Aileen Murphy: WET TALK

3 - 26 March 2022

Text written by Amelia Groom


Antonio Banderas says that he didn’t speak any English when he was cast in his first English-language role, so he learned his lines phonetically. I thought about this when I came across a news article about some wild parrots in Sydney who had picked up a few English phrases from some pet cockatoos who had escaped. The phrases reported in the article were “What’s happening?” and “Hello, darling!”. Like Banderas, the parrots had learned phonetically, with the words being passed on as sonic material untethered from semantic baggage.


There are nine paintings in Aileen Murphy’s exhibition WET TALK. They were mostly made during the lockdowns of 2021. One has a sapphire blue doggie, a very busy doggie, a doggie going places, accompanied by several wide-open mouths. Other paintings have other doggies. Doggie chatting on the phone. Doggie in lipstick and rouge, chatting on the phone! Doggie sitting back, one leg extended, mouth wide open, big wet tongues all around. There’s a languid giddiness throughout these paintings; lots of chat, giggles, gossip, licks. Faces wander away from themselves, bodies are unbounded. It’s all pretty sexy. Tits are out, nipples are on the run. Splatters of paint, dribbles and drips, coiled telephone cord squeezed straight out of the paint tube. Yellows of fluorescence, turmeric, butter. Lavender and fuchsia with emerald green, uncontained glee. 


It’s a lot. Not a lot as in many different things have been accumulated. A lot as in things on their own are so bursting full that they can’t hold themselves together, can’t remain on their own. A lot of legs, legs everywhere, stretching out, multiplying, running ahead of their bodies. A lot of paint, paint running away from what it paints, spilling out of the depiction, seeping away from the form, wanting to leave the canvas. A lot of mouths, always. Open grinning mouths and huge tongues that travel around on their own and might also be something else. Like what if we could have tongues for legs, or legs stretching out from the mouth, offering to take it for a walk. 


Mouths, they’re so weird! Warm wet cavities where food goes in and words come out. Openings through which bodies ingest food, burp, drool, taste, chew, swallow, sing, sigh, sip, and spew forth. Erogenous (‘eros generating’) zones, for kissing, sucking, moaning. They’re pink and super soft, but then they’re also full of calcium-dense teeth, the only part of the skeletal system that isn’t on the inside of the flesh.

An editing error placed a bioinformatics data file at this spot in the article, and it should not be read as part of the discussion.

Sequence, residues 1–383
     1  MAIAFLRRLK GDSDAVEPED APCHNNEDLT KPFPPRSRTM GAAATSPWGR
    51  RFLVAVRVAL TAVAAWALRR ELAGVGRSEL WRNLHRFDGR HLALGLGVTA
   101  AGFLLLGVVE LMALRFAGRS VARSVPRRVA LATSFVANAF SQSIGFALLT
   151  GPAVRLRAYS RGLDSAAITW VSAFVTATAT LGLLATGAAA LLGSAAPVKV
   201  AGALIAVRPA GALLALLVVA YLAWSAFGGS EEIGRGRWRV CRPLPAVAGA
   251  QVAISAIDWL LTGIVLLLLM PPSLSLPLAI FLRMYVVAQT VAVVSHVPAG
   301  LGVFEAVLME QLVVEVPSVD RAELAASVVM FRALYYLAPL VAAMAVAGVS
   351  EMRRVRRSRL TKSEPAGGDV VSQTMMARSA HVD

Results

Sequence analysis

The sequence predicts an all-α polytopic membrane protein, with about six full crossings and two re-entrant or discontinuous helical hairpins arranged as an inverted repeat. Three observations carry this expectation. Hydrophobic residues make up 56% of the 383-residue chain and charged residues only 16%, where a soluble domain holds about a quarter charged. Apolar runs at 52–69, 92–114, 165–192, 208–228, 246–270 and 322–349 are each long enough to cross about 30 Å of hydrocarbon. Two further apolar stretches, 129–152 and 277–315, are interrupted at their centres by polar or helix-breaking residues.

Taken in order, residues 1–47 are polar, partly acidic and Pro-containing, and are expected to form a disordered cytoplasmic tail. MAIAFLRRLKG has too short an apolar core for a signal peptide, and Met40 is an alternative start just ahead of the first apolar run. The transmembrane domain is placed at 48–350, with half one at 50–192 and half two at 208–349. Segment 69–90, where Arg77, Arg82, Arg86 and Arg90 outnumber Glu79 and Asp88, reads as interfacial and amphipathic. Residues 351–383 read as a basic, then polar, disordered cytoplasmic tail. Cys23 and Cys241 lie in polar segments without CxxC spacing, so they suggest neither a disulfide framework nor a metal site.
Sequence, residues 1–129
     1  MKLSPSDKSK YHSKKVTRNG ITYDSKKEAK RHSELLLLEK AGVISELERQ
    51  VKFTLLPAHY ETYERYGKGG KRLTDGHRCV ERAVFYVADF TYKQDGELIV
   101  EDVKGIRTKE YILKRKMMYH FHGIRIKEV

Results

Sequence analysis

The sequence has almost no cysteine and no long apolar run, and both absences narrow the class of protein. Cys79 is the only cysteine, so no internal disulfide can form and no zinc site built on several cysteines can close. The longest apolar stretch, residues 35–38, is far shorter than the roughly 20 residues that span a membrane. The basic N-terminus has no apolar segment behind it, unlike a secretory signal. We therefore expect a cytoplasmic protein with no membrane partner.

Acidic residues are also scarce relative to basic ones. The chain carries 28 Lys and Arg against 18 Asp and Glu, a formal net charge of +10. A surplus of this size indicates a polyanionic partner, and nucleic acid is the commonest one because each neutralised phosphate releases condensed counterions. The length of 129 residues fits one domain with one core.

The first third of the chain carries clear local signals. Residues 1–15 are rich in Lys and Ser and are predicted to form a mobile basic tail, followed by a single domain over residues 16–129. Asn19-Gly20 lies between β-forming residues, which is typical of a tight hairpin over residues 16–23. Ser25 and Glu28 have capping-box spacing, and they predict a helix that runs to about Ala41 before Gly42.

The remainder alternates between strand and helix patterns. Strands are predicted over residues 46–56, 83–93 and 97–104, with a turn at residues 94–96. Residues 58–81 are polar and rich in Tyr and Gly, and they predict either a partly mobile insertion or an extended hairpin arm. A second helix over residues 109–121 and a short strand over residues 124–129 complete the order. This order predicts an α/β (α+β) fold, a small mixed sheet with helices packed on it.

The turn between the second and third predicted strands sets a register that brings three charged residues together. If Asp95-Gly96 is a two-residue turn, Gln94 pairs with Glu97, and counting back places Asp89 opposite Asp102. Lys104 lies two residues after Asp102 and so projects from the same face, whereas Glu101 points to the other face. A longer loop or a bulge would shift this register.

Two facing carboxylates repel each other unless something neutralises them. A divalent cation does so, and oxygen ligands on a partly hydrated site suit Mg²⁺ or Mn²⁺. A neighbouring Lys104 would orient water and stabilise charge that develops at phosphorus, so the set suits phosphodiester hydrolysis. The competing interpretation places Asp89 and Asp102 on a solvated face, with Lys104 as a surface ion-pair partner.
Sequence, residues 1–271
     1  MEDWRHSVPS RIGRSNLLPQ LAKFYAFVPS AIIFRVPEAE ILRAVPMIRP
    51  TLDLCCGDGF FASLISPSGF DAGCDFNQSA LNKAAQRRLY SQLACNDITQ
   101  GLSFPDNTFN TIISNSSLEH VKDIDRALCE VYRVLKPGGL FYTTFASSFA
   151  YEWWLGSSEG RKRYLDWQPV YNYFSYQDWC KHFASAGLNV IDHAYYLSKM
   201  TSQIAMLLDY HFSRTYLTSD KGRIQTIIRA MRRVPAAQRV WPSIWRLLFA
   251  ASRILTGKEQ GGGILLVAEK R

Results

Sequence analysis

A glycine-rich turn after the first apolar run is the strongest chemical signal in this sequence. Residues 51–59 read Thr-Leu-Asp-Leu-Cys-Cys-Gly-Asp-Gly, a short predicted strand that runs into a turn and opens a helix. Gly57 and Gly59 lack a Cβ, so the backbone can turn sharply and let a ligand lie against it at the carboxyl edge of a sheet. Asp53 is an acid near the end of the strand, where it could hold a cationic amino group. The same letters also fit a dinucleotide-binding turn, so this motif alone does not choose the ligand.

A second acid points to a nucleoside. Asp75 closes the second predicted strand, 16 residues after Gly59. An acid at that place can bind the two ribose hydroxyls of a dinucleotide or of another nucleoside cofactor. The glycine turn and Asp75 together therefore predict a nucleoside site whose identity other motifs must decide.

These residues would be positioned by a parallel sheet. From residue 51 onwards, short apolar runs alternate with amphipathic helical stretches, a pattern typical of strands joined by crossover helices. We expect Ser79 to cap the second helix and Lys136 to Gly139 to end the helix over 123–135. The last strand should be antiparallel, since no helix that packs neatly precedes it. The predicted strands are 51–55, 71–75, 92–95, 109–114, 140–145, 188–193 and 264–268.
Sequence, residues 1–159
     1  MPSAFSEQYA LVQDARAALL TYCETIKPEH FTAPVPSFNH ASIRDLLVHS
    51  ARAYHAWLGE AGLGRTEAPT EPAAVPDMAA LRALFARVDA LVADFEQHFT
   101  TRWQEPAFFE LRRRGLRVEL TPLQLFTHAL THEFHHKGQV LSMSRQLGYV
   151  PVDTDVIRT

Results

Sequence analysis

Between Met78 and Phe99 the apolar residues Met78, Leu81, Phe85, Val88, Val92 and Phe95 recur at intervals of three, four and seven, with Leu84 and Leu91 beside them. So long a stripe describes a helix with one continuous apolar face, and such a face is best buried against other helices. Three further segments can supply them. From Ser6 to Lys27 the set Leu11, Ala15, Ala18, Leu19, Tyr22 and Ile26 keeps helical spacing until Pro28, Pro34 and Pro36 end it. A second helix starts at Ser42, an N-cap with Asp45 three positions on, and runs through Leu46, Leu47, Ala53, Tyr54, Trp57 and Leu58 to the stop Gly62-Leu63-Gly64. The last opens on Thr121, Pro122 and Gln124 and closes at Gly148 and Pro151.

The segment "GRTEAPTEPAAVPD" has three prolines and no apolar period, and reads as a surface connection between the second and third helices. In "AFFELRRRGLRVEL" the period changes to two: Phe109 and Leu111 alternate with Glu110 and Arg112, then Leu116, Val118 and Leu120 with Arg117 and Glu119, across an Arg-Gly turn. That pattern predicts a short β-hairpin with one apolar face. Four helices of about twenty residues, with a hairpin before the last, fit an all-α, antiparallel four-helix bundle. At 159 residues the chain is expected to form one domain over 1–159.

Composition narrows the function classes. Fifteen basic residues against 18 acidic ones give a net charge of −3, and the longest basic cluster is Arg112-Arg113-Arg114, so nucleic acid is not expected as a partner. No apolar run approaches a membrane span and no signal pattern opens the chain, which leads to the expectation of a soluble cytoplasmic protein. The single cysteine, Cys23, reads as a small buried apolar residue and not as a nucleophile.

It was an icy cold winter morning in Berlin when I went to Aileen’s studio to see these nine paintings. Aileen had brought me two flavored croissants. She explained that at first, she had bought just one (almond), but soon after she had worried that I’m vegan (I’m not), and so she went to another shop and bought a back-up vegan croissant (chocolate). I ate both, and as I looked at the pictures with a mouth full of sticky flakey double-flavoured sweetness, it felt appropriate. One can taste a real sugary sweetness in these paintings. It’s yummy, but it’s a dirty, untidy kind of sweetness. Peach cream stains. Unfinished raspberry swirls. Pink icing, licked off big tits. Cheesecake bursting out of the frame. Also in the paintings, a messy and frenetic sweetness of time, the way everything speeds up in the full sticky buzz of a sugar high.

Among the frenetic bursts, though, there is also breath and lush, languorous extension. The fullness in these paintings is given room to stretch out, take a seat, take time, recline, curve around the edge of the canvas in search of some more
space, or burrow in underneath the pockets of privacy that are offered by the paint when it acts as a cover.

I have a childhood memory of eating sweets, a whole pile of sweets, and there’s a voice of authority (maybe I’m in a waiting room at the doctor’s?) warning me that the sugar will put holes in my teeth. In my child mind I immediately sense that the sugar is a substance with an agenda. It wants more space. It enjoys the dissolution of boundaries. The mouth is already a hole into which sweet things can go, but the sugar is not satisfied with that, it has to open up more holes, tiny little mouths in the teeth, more holes meaning more space for sugar to go in and make more holes.